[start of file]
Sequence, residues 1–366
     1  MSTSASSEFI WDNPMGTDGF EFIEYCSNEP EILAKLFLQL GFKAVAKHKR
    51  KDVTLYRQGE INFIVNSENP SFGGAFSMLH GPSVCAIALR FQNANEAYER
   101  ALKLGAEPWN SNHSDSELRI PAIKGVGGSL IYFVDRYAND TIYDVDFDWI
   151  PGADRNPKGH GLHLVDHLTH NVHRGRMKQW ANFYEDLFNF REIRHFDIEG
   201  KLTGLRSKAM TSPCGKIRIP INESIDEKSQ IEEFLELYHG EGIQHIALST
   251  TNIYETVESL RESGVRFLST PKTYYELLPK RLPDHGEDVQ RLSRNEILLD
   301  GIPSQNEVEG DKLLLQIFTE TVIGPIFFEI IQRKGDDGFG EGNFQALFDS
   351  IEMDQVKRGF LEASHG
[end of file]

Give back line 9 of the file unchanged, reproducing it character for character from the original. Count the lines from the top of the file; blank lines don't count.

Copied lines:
   351  IEMDQVKRGF LEASHG